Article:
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Socio-demographic and economic determinants of adherence to iron intake among pregnant women in selected low and lower middle income countries in Asia: insights from a cross-country analyses of global demographic and health surveys
Authors: Kirti Warvadekar, J. C. Reddy, Sona Sharma, Kirk A. Dearden, and Manoj Kumar Raut
Source: International Journal of Community Medicine and Public Health, 5(4): 1552-1569; DOI: 10.18203/2394-6040.ijcmph20181234
Topic(s): Anemia
Antenatal care
Iron supplements
Mass media
Maternal health
Country: Asia
   Multiple Asian Countries
  Cambodia
  India
  Indonesia
  Nepal
  Philippines
  Pakistan
  Afghanistan
  Myanmar
Published: APR 2018
Abstract: Background: Anaemia is a global public health problem affecting around 800 million children and women worldwide. Anaemia, defined as a reduced haemoglobin concentration, is associated with increased peri-natal mortality, increased child morbidity and mortality, impaired mental development, impaired immune competence, increased susceptibility to lead poisoning, and decreased performance at work. Methods: This paper attempts to understand the determinants underlying iron intake in select countries in Asia using multivariate regression analyses of recent data from the Demographic and Health Surveys of eight countries of Afghanistan, Cambodia, India, Indonesia, Myanmar, Nepal, Pakistan, and the Philippines. The individual level data was analysed, using Predictive Analytics Software for Windows (PASW) 18.0 release. Results: After adjusting for standard co-variates, exposure to newspaper was found to be associated with increased adherence to iron tablets or syrup, in five of the eight countries (India, Indonesia, Nepal, Pakistan, and the Philippines). Exposure to television was significantly associated with coverage and adherence to iron tablets or syrup in Afghanistan, India, Indonesia and Myanmar. Those who received at least three antenatal care visits were much more likely to adhere to at least 90 days of iron tablet or syrup or iron and folic acid tablets supplementation. Conclusions: Based on insights from eight demographic and health surveys, mass media (including print and TV), as well as antenatal care-seeking visits seem to be a particularly effective ways of reaching women and in increasing the likelihood of uptake of iron only or iron and folic acid supplements. Keywords: Antenatal care, Mass media, Iron and folic acid tablets/syrup supplementation, Anaemia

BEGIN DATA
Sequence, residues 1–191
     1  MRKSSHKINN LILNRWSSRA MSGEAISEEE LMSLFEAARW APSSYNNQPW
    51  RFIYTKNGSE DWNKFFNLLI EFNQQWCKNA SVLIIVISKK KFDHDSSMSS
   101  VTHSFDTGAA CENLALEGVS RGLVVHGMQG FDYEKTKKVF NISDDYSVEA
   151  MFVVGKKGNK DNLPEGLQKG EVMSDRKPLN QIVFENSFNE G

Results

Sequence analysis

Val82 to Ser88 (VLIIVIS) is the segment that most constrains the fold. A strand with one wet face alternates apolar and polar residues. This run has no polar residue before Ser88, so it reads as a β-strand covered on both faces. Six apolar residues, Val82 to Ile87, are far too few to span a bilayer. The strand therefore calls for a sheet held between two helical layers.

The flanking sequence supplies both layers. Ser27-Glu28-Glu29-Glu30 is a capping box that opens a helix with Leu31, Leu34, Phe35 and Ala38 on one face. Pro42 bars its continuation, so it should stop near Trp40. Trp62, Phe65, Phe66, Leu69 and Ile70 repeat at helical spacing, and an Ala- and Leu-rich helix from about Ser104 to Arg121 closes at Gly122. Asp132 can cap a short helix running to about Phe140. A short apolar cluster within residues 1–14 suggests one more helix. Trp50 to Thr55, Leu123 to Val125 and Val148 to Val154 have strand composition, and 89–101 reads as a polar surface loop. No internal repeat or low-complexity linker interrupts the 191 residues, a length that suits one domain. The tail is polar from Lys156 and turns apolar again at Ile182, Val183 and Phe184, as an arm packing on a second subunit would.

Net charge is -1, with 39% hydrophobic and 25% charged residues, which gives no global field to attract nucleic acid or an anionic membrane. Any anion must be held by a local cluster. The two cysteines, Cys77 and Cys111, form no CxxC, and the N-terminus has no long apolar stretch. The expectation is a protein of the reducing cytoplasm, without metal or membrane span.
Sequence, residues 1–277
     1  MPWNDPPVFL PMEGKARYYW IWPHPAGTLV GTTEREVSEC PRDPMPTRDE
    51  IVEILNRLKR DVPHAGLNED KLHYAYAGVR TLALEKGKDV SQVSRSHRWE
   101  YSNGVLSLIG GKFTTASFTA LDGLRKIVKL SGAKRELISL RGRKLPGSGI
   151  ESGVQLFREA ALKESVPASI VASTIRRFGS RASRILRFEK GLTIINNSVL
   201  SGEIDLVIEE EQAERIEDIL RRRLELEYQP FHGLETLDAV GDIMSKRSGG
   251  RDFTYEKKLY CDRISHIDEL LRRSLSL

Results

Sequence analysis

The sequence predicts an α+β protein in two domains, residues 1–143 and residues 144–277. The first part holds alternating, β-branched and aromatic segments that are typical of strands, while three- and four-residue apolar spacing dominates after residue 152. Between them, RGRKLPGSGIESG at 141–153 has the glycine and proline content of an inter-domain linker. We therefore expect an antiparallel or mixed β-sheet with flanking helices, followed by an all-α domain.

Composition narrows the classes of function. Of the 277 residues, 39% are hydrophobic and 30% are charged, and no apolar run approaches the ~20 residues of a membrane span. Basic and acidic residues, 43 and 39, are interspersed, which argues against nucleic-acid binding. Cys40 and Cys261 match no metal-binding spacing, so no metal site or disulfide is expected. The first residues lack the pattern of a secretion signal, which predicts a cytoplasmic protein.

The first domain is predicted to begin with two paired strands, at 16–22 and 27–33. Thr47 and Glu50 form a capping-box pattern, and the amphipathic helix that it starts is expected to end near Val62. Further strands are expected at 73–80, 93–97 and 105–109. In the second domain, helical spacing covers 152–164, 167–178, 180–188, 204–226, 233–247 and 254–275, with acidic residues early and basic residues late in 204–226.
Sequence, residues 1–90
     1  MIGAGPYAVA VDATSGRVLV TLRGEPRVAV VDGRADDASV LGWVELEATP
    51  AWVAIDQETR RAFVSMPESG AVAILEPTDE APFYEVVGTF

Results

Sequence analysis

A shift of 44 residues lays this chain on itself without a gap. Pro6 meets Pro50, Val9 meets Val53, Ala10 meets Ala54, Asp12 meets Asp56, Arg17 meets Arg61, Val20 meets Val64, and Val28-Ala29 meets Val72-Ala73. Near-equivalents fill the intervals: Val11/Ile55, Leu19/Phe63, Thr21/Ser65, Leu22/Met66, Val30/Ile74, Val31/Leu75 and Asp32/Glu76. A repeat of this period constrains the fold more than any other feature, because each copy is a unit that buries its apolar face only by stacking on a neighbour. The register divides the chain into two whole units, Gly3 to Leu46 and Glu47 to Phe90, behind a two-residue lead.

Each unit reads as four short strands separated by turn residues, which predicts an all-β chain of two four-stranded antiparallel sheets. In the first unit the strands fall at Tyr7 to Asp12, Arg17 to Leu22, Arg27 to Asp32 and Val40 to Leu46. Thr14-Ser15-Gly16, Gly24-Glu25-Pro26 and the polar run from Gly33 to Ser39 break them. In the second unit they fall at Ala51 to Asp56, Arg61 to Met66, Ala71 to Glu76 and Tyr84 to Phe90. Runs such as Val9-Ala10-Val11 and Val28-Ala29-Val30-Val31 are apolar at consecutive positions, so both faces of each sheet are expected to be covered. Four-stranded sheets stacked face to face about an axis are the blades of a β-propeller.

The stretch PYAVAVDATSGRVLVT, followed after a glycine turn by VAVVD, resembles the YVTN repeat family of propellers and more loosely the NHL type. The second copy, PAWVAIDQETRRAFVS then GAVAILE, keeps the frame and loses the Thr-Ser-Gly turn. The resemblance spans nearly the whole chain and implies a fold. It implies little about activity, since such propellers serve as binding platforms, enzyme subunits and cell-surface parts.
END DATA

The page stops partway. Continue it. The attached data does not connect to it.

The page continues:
Web: https://www.ijcmph.com/index.php/ijcmph/article/download/2621/1948